There's a web article on "The Ugly Truth About Infrastructure (and Taxes)", The Infrastructurist, May 12, 2011, that is worth a read. Don't miss the comments--one of the more intelligent comment threads about taxes, in part because though there are clearly both right and left represented, it does not appear that the thread has been taken over by the typical right-side trolls that repeat the same old sound bites on many of our websites these days.
The point of the article is that the US has allowed its infrastructure to deteriorate mightily, with deferred maintenance costs estimated at more than $2 trillion (and climbing). And infrastructure is the key to a decent life--potable water, clean air, trustworthy bridges, potholeless highways, dependable electric grid, gas lines that don't explode in the middle of a neighborhood killing dozens in their homes at night, sewage systems that don't dump the crap into fresh water streams or, even worse, into too-close potable water pipes, public transportation systems that meet 21st century needs with less pollution and more speed, public education systems that prepare our population for the world as it is, not a fantasy world of homeschoolers who study the Bible but leave out biotechnology and physics.
Why has our infrastructure deteriorated? Because we have not made it a priority. When thoughtful people suggested that the best way to deal with unemployment and the other awful results of our casino capitalist banking crash would be to fund necessary infrastructure improvements, the reagonomics crowd balked and voted for more spending on tax cuts, instead (mostly to the rich and big business, and not nearly so effective as economic stimulus).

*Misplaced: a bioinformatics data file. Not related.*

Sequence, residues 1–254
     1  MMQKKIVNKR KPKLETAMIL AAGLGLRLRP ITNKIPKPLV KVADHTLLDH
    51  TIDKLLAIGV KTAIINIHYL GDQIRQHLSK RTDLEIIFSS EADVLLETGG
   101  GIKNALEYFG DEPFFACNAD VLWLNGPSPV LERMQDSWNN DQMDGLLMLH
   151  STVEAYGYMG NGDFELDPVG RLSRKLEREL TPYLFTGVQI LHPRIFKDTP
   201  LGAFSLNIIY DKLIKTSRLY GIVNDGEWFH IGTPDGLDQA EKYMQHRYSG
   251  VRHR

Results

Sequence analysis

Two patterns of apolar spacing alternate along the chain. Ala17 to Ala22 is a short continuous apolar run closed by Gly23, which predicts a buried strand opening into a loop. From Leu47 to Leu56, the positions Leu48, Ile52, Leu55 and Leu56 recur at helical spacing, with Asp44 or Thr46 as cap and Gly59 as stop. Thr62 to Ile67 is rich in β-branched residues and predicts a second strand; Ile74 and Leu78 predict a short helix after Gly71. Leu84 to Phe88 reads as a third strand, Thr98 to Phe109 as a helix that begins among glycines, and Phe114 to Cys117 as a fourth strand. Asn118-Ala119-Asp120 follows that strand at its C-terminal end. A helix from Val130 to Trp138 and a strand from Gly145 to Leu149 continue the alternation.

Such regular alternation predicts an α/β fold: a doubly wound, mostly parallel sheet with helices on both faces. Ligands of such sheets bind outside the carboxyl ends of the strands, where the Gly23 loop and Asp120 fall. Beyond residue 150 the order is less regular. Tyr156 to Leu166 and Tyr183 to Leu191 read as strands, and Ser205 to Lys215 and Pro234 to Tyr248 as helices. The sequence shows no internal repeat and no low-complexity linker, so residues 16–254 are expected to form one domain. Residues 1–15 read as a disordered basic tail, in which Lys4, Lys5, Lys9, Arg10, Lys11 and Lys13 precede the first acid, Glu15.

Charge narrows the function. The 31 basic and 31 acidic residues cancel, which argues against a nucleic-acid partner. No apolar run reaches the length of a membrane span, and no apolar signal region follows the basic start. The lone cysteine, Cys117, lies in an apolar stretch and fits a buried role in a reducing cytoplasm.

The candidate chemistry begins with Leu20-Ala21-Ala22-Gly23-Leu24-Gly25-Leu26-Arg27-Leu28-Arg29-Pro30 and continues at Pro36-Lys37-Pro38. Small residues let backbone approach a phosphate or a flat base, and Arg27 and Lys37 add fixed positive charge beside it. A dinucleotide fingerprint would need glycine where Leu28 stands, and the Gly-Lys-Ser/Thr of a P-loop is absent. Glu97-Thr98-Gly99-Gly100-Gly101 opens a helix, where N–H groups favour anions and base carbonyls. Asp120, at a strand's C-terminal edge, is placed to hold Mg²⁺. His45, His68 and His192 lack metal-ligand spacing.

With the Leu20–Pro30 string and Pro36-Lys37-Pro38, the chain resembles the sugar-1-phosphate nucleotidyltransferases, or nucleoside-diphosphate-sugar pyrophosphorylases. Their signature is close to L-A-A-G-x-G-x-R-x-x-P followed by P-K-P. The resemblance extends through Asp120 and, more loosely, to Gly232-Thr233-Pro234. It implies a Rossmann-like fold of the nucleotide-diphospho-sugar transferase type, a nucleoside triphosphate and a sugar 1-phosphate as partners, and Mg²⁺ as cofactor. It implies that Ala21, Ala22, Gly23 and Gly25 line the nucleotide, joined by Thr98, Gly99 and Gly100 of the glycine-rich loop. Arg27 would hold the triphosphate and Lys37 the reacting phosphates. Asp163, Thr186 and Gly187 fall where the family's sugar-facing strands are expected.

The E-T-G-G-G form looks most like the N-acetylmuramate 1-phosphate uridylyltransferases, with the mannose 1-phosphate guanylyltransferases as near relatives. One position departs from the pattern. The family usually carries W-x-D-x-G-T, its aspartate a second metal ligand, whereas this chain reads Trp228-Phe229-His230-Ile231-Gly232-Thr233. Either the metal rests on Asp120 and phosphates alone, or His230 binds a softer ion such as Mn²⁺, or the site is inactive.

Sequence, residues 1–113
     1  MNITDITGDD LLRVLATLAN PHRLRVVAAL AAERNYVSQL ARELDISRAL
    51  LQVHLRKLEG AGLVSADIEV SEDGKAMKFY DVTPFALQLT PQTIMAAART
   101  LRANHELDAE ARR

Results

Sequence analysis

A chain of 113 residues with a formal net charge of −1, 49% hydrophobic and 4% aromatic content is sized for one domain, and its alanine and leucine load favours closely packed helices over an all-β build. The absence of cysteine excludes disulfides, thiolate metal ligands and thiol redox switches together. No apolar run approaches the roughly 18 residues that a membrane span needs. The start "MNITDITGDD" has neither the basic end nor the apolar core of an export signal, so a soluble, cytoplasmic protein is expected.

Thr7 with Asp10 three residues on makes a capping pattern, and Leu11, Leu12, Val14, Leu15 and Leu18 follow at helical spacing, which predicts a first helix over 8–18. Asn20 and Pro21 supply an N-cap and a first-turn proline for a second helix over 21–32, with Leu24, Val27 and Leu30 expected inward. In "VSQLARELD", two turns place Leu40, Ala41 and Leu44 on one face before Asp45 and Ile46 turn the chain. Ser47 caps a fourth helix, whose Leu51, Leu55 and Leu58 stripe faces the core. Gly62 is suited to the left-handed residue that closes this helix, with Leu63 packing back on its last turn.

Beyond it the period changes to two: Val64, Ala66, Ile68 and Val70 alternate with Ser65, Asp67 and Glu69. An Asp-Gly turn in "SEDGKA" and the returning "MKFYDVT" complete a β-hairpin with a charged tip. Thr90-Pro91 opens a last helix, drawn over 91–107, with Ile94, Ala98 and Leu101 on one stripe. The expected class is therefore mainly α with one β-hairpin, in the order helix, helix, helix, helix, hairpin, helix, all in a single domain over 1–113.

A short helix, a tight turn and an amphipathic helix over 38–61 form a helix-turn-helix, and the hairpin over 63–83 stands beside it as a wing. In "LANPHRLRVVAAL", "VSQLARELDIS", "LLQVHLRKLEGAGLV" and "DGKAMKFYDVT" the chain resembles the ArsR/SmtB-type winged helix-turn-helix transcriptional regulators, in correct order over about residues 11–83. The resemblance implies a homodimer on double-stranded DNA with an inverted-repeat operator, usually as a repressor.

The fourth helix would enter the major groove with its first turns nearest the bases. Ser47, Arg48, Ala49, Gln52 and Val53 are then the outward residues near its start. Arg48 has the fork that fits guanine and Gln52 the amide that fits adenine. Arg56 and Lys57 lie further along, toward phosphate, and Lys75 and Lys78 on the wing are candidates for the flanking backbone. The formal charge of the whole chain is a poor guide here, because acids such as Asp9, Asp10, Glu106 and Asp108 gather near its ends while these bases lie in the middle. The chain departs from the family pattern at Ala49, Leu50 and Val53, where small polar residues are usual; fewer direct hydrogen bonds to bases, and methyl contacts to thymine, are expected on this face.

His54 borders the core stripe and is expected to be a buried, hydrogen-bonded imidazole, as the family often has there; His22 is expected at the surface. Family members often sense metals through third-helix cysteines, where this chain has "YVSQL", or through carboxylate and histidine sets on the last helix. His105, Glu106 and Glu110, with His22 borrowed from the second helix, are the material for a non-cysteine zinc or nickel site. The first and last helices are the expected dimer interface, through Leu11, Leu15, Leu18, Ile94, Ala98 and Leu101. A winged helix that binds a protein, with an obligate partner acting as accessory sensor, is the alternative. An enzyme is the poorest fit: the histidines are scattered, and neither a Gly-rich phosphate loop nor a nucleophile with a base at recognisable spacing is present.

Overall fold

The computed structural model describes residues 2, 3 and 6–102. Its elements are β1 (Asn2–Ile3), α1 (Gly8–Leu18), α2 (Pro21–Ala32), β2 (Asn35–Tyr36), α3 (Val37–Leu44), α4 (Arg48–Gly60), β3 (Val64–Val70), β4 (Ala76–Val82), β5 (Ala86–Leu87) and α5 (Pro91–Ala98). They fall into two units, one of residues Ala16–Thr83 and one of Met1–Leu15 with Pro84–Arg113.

So as the infrastructuralist notes, we need to raise taxes to pay for the things that we dearly desire and that make life worth living--clean water, etc. (see list above). Since we are a tax haven country, we can certainly afford to raise taxes. We can go back to the Clinton era tax code, lock stock and barrel by just letting all of the Bush tomfoolery expire on the slated date at the end of 2012. That would be a good start. Then we can enact a progressive estate tax system to move us out of the 19th century when a million was a fortune and into the 21st, when a billion is. We can enact the Fair Taxation of Hedge, Equity and Real Estate Partnership Managers Bill--to treat their pay for work the same way we treat everybody else's pay for work, as ordinary income subject to the highest tax rates, instead of calling it a "carried interest" that gets favored capital gains rates most of the time. We can get rid of the charitable contribution deduction for market value of stocks rather than for the amount paid by the owner for those stocks--that's a pure giveaway to the wealthy who own most of the financial assets. We can eliminate the corporate tax loopholes and the subsidies for Big Oil, WITHOUT lowering the tax rate to make ourselves even more of a tax haven. We can enact a tax on financial transactions to help pay for the mess that the big banks made of our economy with their derivatives casinos.
We can, in other words, pass real reform that gets rid of the giveaways in the tax code and helps us move forward as a nation.